The exchange between Madison and Hamilton that followed established two differing constitutional visions (Lindsay, 2020). The Gazette of the United States published seven essays by Alexander Hamilton, which aimed to defend Washington’s stance (Lindsay, 2020). After several requests from Thomas Jefferson, James Madison decided to respond in opposition to Hamilton in a series of essays of his own published by The Gazette (Lindsay, 2020). Hamilton claimed that the “legislature has the right to declare war, it is on the other, the duty of the executive to preserve peace, till the declaration is made” (as cited in Lindsay, 2020, para. 6). While Hamilton believed in an assertive President with implied constitutional powers, Madison argued that the balance of power between the executive and legislative branches should be tilted towards the latter.

It is crucial to acknowledge that both Hamilton and Madison changed their constitutional views over time (Lindsay, 2020). Originally, Hamilton emphasized the importance of the President being limited to circumscribed powers, which he expressed in the Federalist Papers. Hamilton most notably argued that the President’s position as the Commander-in-Chief was “more a matter of dignity than of authority” (as cited in Lindsay, 2020, para. 7). At the time of writing the Federalist Papers Hamilton did not support the idea of Presidential assertiveness, which he became a proponent of in 1793. Similarly, Madison showed just as much flexibility in his constitutional views as Hamilton did (Lindsay, 2020). The shifting views of Hamilton and Madison demonstrate that the framers’ interpretation of the Constitution depended greatly on time and circumstance.

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The centuries that followed the Proclamation of Neutrality led to a gradual shift in power towards the executive branch (Wallner, 2019). It did so in good part because of the political impact of the Pacificus-Helvidius debate. Hamilton managed to recognize in the Federalist Papers that “decision, activity, secrecy, and dispatch will generally characterize the proceedings of one man, in a much more eminent degree, than the proceedings of any greater number; and in proportion, as the number is increased, these qualities will be diminished” (as cited in Lindsay, 2020, para. ). In addition, the willingness of Congress to compromise on the issues related to the President’s authority (when the ultimate outcomes of his Presidency benefitted the legislative branch) facilitated the development of the executive authority – both practical and constitutional.

Despite the relative success of Washington and his successors, including Thomas Jefferson and Polk, the second half of the nineteenth century could be described as a period of Congressional activism (Wallner, 2019). Amidst the changing political environment, the U.S. Presidents utilized their formal and informal powers to lead Congress at best or simply avoid Congressional approval by questionable means. Nevertheless, by identifying the constitutional provisions in support of their positions in the debate, Hamilton and Madison “highlighted how the framers, perhaps unwittingly, had created a constitutional structure of separated institutions with overlapping powers” (Lindsay, 2020, para. 10). The Constitution is, in fact, full of vague regulations directed towards overlapping authorities. This lack of coherence has created an array of possibilities when it comes to the interpretation of the balance of powers, which remains a subject of heated debates in modern politics. However, according to Lindsay (2020), this struggle is also a part of the productive tension between the branches, which check each other’s worst qualities and generate some of each other’s best ones.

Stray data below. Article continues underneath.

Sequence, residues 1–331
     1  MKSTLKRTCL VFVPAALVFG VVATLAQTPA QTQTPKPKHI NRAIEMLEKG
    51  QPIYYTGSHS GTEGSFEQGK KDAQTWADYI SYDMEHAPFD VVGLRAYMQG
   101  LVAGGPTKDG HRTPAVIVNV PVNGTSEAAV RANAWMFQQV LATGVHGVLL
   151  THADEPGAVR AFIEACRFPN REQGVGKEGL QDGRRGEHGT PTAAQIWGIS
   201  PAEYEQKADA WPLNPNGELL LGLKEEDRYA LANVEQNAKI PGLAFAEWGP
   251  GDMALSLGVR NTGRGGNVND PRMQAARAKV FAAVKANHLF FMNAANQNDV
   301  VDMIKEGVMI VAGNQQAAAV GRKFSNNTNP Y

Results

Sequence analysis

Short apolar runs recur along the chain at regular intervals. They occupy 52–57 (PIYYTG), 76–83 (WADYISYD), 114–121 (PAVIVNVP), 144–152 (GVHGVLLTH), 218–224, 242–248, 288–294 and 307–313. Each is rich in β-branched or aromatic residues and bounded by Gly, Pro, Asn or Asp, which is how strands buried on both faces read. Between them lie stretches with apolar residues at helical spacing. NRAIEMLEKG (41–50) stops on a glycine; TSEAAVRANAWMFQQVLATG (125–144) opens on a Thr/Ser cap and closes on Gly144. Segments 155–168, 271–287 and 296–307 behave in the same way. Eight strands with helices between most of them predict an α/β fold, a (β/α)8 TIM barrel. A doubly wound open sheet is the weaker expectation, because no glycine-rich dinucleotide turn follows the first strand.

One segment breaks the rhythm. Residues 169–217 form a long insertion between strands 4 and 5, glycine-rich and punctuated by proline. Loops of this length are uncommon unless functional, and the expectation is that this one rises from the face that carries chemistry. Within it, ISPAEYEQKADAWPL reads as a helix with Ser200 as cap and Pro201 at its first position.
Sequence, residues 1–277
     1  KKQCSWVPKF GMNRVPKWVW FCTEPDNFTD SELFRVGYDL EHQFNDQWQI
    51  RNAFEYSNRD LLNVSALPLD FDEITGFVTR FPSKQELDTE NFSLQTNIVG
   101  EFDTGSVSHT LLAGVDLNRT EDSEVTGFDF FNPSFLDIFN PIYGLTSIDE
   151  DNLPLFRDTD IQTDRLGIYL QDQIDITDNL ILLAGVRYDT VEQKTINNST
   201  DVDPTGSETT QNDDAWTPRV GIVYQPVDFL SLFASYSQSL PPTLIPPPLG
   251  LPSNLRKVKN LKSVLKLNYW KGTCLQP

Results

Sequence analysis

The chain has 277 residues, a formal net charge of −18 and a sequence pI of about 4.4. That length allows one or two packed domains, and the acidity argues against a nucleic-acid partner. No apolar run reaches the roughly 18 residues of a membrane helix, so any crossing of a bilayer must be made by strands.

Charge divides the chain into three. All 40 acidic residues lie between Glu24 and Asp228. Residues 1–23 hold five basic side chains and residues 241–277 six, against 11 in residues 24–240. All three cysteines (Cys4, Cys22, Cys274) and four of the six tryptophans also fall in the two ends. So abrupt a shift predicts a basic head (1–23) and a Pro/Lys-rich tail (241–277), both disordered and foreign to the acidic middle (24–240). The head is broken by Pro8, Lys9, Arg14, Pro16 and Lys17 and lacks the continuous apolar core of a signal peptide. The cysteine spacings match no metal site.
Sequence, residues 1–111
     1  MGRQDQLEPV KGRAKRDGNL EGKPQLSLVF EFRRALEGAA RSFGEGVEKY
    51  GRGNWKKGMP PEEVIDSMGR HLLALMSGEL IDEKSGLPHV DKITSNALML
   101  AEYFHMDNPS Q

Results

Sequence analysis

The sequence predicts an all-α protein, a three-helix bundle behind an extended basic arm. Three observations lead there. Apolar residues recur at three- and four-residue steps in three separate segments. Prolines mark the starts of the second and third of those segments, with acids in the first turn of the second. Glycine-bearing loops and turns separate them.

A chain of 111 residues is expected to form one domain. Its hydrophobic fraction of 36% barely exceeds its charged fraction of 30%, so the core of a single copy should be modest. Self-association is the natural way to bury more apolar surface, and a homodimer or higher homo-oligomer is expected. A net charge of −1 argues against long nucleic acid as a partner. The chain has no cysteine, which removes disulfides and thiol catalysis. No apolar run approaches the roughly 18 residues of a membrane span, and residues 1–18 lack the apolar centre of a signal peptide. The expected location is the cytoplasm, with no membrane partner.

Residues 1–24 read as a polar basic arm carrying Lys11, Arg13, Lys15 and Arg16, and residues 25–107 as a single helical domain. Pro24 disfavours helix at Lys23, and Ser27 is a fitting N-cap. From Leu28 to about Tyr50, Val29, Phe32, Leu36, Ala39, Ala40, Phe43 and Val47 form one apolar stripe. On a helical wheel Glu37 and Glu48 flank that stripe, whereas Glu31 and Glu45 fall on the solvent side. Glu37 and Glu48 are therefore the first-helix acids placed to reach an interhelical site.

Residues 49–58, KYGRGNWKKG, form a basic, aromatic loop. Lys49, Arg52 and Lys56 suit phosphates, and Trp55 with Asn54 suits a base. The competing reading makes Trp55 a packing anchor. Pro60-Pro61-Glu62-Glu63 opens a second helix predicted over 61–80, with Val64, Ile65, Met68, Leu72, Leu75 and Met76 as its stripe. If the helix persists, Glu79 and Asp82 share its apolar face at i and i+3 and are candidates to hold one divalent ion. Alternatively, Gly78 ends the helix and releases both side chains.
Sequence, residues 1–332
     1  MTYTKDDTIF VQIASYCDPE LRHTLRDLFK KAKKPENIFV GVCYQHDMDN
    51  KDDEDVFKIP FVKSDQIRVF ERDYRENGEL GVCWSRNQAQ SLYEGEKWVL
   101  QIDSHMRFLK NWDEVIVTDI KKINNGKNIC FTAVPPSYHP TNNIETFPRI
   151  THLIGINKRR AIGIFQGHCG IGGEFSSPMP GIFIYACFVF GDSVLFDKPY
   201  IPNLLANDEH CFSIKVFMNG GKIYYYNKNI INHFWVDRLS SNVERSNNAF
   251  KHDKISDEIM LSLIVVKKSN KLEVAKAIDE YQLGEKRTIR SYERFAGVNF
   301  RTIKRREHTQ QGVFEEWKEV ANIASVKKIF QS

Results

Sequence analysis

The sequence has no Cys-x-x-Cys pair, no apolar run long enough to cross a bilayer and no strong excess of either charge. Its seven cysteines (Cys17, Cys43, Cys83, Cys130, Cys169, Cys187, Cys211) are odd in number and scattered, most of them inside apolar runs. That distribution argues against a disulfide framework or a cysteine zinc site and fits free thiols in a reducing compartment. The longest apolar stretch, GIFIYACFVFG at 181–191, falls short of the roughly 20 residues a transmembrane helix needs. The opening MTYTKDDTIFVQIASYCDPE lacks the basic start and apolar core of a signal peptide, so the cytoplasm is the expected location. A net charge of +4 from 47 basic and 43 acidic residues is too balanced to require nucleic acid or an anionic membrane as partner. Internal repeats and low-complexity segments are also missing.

New Insights Regarding the Balance of Power

My old paradigm of thought led me to believe that the U.S. Constitution is stagnant, which is why it would be enough to have an expert look into the content of the Constitution to solve a particular government issue. As a result of the research conducted for this paper, my views of the Constitution have shifted. The framers like Hamilton and Madison themselves exemplify the fluidity of the constitutional regulations. In terms of the balance of power between the branches of government, there can be several different interpretations regarding the smallest details related to the roles of Congress and the President. Up until the twentieth century, constitutional vagueness was the root cause of the relative weakness of any U.S. President. As soon as the executive branch started to examine the Constitution in more detail and draw various conclusions from its content, the President’s authority has expanded.

As a Christian, I can draw a parallel between the Constitution and the Bible. Some non-believers critique the Bible because of the many possibilities of the Scripture’s interpretation (Jenkins, 2020). However, in my opinion, every Christian needs to recognize the beauty in the Bible’s relative ambiguity. Merida et al. (2015) point out that personal godliness matters above all, which is why Christians should have open and honest discussions regarding the Bible as long as they stay true to their relationship with the Lord and have the purest intentions in mind.

Conclusion

To sum it all up, it is integral to examine the development of the balance of power to gain a deeper understanding of the dynamics of the U.S. government. The Constitution limits the authority of the executive branch by setting in place Congressional restrictions. Despite these legal challenges, the Presidency managed to avoid the limitations associated with the legislative branch by manipulating the various interpretations of the Constitution. Although throughout history, the Constitution’s vagueness was the root cause of conflicts between the branches, it also led to the development of the complex system of checks and balances.

References

Entin, J. L. (1991). Congress, the President, and the separation of powers: Rethinking the value of litigation (Publication No. 355) [Faculty publications, Case Western University School of Law]. Constitutional Law Commons.

Jenkins, D. (2020). Why are there so many Christian interpretations? Christianity. Web.

Library of Congress (2019). War powers. Web.

Lindsay, J. M. (2020). TWE remembers: The Pacificus-Helvidius debate. Council on Foreign Affairs. Web.

Merida, T., Platt, D., & Akin, D. L. (2015). Exalting Jesus in 1 & 2 Kings (Christ-centered exposition commentary). B&H Publishing Group.

Patterson, J. T. (1976). The rise of Presidential power before World War II. Law and Contemporary Problems, 40(2), 39. Web.

Schley, E. (2020). Washington’s neutrality proclamation. Bill of Rights Institute. Web.

Wallner, J. (2019). A dynamic relationship: How Congress and the President shape the foreign policy. R Street Policy Study, 186, 1-9. Web.